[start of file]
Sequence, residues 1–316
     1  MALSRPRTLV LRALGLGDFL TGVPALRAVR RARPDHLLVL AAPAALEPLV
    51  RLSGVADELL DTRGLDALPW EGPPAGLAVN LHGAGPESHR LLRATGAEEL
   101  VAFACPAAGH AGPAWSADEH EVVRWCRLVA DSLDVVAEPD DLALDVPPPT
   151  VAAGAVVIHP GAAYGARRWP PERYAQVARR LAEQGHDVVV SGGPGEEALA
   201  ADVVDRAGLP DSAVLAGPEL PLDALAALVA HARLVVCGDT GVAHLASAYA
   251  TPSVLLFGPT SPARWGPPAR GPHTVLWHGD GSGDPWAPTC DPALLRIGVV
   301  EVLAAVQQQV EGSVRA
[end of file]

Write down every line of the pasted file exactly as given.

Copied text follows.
Sequence, residues 1–316
     1  MALSRPRTLV LRALGLGDFL TGVPALRAVR RARPDHLLVL AAPAALEPLV
    51  RLSGVADELL DTRGLDALPW EGPPAGLAVN LHGAGPESHR LLRATGAEEL
   101  VAFACPAAGH AGPAWSADEH EVVRWCRLVA DSLDVVAEPD DLALDVPPPT
   151  VAAGAVVIHP GAAYGARRWP PERYAQVARR LAEQGHDVVV SGGPGEEALA
   201  ADVVDRAGLP DSAVLAGPEL PLDALAALVA HARLVVCGDT GVAHLASAYA
   251  TPSVLLFGPT SPARWGPPAR GPHTVLWHGD GSGDPWAPTC DPALLRIGVV
   301  EVLAAVQQQV EGSVRA